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Last Updated: Wednesday, 22 September, 2004, 08:57 GMT 09:57 UK
Smallest 'guitar string' to weigh atoms
Guitar string
The guitar string is made of a single carbon nanotube
Scientists hope that "playing" a tiny guitar string, the smallest ever created, will help unravel some of the secrets of the molecular world.

The string, developed at Cornell University, US, is only 10 atoms across, a million times smaller than a normal guitar string.

It is made from a carbon nanotube, formed from a sheet of carbon one atom thick and rolled into a cylinder.

"As a scientist, the possibility that intrigues me the most is to be able to use it to, in essence, weigh things," explained Professor Paul McEwen, who helped pioneer the string.

"If you imagine that you had a guitar string and you glued a little weight on to it. It would lower the frequency at which the guitar string vibrated, because the extra mass slows it down," he told the BBC's Science In Action programme.

"The same thing happens here, but our string only has a few tens of thousands of atoms in it. So, just a few extra atoms, maybe even one, might shift the tone of the vibration enough for us to detect it."

Playing the string

The string of the tiny guitar is anchored at both ends, as in a full-scale single-stringed instrument.

"Even the geometry scales down by a factor of a million," Dr McEwen said.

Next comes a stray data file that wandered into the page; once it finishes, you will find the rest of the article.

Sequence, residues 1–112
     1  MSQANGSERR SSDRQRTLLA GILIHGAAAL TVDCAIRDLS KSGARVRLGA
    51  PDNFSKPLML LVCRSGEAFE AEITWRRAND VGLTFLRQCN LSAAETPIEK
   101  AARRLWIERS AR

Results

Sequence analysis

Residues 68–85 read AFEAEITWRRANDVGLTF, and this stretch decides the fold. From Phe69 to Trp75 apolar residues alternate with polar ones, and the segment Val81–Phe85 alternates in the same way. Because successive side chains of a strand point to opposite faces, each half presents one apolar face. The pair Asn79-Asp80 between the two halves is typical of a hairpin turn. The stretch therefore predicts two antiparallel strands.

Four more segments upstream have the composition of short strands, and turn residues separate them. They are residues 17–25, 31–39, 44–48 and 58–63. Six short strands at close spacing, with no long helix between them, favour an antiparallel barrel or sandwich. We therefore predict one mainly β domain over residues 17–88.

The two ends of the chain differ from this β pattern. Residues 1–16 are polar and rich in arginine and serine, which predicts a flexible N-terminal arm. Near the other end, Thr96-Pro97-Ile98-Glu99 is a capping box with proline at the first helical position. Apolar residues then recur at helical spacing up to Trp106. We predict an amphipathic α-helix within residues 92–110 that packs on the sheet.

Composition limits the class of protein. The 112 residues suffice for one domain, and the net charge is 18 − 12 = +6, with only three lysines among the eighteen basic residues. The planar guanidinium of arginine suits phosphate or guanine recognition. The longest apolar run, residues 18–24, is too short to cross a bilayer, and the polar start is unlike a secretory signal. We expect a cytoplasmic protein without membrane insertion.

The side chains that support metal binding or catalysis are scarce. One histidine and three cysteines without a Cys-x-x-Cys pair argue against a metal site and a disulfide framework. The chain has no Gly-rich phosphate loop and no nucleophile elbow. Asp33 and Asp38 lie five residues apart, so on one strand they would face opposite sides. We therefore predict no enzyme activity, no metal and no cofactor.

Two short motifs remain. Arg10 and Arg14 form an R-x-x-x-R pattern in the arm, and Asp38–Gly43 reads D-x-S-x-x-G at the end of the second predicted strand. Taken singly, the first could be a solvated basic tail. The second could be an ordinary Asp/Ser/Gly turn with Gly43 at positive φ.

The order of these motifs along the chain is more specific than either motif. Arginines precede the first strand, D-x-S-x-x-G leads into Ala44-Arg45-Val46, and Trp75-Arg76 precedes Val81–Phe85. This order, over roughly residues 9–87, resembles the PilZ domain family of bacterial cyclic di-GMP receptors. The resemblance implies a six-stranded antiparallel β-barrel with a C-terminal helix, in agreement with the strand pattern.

This is very important in lots of chemical and biological contexts, to try and understand what an individual molecule is and this might be a whole new way of going about that task
Professor Paul McEwen, Cornell University
This, of course, is not a string you can pluck with your fingers.

"It isn't actually pulled taut initially. It's got a little bit of slack in it. But we can use an electric force to pull down on it, in the same way gravity might pull down on a string or a chain, and pull it taut that way," he said.

To excite the nanotube, an oscillating voltage is applied to a metal plate underneath the string. This makes the string vibrate up and down.

Similarly, the string can also be tuned to vibrate at different pitches.

"We just change the DC, the static voltage on the metal plate that pulls the tube downward harder," Dr McEwen said.

"It's like if on a chain we could turn up gravity. That pulls it down harder which makes it tauter and ups the frequency."

The pitch is beyond human hearing, around 1,000 times higher than the frequencies human beings can hear.

Instead, it is the same frequency as the electromagnetic waves that carry radio signals.

However, as these waves can be measured, it is possible to use the frequency vibrations to find the mass of individual molecules attached to the string - in effect weighing them.

"If you know how much [the molecule] weighs, you know what kind of atoms are inside of it," Dr McEwen said.

"This is very important in lots of chemical and biological contexts, to try to understand what an individual molecule is and this might be a whole new way of going about that task."


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